Spoiling for a fight, Pete? DocPenfro always pushes back provided he's got several thousand miles between himself and any serious risk to life and limb. The Google ngram viewer is suggesting that its use in more or less the quoted form originated around 1900 and peaked about the time of WW2. Its popularity seems to have diminished since the 1970s. I shall leave it to braver men than myself to decide whether that entitles it to the status of a bona fide proverb.I think I will disagree with DocPenfro
DocP, it seems that Catch-22 has it both ways, with no clear decision either way. But it certainly is the same proverb (or saying) in different clothing.“Because it’s better to die on one’s feet than live on one’s knee,” Nately retorted with triumphant and lofty conviction. “I guess you’ve heard that saying before.”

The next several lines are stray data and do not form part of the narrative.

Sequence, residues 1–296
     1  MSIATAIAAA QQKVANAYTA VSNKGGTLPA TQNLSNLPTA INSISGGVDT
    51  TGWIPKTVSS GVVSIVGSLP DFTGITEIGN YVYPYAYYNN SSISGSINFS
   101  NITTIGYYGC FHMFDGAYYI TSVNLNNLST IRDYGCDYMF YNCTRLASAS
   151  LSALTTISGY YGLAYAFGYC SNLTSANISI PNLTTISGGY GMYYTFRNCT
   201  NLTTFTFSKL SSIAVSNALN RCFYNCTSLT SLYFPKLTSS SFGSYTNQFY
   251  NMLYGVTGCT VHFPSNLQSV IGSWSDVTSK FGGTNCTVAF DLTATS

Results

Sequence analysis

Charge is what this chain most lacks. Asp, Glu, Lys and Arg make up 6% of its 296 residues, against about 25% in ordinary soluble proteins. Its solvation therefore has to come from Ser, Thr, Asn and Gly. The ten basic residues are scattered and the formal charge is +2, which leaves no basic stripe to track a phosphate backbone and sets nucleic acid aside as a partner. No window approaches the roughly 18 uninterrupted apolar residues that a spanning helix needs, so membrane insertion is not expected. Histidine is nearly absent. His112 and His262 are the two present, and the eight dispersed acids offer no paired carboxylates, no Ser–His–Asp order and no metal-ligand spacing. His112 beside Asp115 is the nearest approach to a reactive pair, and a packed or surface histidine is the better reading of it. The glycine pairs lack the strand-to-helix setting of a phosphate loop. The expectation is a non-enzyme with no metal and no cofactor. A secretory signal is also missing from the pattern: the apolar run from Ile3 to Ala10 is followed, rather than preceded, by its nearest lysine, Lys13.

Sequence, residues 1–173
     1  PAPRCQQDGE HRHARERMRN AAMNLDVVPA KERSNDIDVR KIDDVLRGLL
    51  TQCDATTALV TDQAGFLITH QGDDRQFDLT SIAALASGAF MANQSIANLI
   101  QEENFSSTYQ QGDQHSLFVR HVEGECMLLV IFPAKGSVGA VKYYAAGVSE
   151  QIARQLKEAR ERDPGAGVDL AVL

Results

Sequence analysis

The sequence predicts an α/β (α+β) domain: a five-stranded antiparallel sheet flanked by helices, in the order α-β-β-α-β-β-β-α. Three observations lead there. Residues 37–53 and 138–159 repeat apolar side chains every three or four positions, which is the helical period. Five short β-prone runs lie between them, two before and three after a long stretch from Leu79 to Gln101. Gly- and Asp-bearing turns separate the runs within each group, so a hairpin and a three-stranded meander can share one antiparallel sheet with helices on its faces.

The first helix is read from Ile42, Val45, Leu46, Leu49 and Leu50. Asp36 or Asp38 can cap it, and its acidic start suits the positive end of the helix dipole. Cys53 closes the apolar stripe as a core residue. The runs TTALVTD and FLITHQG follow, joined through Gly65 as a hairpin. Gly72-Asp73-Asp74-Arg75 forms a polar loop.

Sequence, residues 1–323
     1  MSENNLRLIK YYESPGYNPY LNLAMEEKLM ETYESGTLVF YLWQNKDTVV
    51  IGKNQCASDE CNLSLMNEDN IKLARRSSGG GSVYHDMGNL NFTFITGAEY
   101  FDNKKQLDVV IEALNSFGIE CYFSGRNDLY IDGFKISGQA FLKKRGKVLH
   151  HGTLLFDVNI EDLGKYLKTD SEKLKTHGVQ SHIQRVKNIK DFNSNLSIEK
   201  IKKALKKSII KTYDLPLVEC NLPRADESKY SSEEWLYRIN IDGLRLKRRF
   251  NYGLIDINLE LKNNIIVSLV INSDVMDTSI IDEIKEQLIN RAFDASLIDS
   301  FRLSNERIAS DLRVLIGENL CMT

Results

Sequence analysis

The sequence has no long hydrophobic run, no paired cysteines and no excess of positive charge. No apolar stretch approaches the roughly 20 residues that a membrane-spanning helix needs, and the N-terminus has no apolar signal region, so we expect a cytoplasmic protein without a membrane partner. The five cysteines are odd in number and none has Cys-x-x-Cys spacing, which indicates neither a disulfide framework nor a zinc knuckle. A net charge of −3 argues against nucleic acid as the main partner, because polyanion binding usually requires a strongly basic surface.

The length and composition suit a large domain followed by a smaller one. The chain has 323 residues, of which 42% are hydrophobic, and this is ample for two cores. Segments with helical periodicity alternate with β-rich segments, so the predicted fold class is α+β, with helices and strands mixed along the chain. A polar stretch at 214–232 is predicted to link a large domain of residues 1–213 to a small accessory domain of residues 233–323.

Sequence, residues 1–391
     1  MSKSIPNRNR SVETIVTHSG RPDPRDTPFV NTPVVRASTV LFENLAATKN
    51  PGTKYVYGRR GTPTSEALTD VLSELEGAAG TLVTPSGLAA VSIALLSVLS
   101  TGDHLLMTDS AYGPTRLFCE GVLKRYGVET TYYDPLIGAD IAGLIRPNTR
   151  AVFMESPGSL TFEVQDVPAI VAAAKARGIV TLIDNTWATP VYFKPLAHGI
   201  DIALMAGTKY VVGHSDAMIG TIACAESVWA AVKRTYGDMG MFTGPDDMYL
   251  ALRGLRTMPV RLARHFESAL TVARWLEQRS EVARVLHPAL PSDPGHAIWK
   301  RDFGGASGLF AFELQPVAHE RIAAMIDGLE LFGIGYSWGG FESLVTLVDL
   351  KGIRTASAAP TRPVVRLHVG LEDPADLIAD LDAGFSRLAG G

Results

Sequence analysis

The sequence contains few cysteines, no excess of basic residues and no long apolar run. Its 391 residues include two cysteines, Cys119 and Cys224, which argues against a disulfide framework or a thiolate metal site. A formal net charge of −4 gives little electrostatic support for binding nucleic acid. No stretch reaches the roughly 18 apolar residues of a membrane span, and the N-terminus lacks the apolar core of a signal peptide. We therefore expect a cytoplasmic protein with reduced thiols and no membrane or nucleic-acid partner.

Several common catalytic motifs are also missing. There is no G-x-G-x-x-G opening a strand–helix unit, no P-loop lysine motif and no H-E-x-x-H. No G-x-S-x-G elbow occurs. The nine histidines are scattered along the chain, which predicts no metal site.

“Yes, I certainly have,” mused the treacherous old man, smiling again. “But I’m afraid you have it backward. It is better to live on one’s feet than die on one’s knees. That is the way the saying goes.”
“Are you sure?” Nately asked with sober confusion. “It seems to make more sense my way.”
“No, it makes more sense my way. Ask your friends.”
Heller, Joseph; (2010-10-26). Catch-22 (p. 233). Simon & Schuster, Inc.. Kindle Edition.